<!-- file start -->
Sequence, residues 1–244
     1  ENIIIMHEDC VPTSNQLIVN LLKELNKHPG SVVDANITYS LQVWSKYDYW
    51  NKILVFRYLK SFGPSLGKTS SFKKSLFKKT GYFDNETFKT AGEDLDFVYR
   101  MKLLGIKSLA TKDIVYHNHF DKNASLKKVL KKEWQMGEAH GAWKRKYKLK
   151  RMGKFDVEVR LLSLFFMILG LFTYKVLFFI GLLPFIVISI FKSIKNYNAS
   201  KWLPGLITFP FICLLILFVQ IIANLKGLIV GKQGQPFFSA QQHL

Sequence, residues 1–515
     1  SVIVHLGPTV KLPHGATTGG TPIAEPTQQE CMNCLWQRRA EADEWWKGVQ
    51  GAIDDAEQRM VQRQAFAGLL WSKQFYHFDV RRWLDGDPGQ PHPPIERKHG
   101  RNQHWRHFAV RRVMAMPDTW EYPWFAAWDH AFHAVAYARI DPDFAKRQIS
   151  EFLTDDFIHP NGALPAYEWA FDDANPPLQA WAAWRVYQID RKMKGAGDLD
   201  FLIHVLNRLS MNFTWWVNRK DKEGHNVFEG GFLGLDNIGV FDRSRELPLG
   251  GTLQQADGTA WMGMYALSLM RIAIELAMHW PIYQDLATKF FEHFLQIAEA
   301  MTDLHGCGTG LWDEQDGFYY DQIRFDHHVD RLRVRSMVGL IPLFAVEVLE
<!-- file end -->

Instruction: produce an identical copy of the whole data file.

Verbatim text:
Sequence, residues 1–244
     1  ENIIIMHEDC VPTSNQLIVN LLKELNKHPG SVVDANITYS LQVWSKYDYW
    51  NKILVFRYLK SFGPSLGKTS SFKKSLFKKT GYFDNETFKT AGEDLDFVYR
   101  MKLLGIKSLA TKDIVYHNHF DKNASLKKVL KKEWQMGEAH GAWKRKYKLK
   151  RMGKFDVEVR LLSLFFMILG LFTYKVLFFI GLLPFIVISI FKSIKNYNAS
   201  KWLPGLITFP FICLLILFVQ IIANLKGLIV GKQGQPFFSA QQHL

Sequence, residues 1–515
     1  SVIVHLGPTV KLPHGATTGG TPIAEPTQQE CMNCLWQRRA EADEWWKGVQ
    51  GAIDDAEQRM VQRQAFAGLL WSKQFYHFDV RRWLDGDPGQ PHPPIERKHG
   101  RNQHWRHFAV RRVMAMPDTW EYPWFAAWDH AFHAVAYARI DPDFAKRQIS
   151  EFLTDDFIHP NGALPAYEWA FDDANPPLQA WAAWRVYQID RKMKGAGDLD
   201  FLIHVLNRLS MNFTWWVNRK DKEGHNVFEG GFLGLDNIGV FDRSRELPLG
   251  GTLQQADGTA WMGMYALSLM RIAIELAMHW PIYQDLATKF FEHFLQIAEA
   301  MTDLHGCGTG LWDEQDGFYY DQIRFDHHVD RLRVRSMVGL IPLFAVEVLE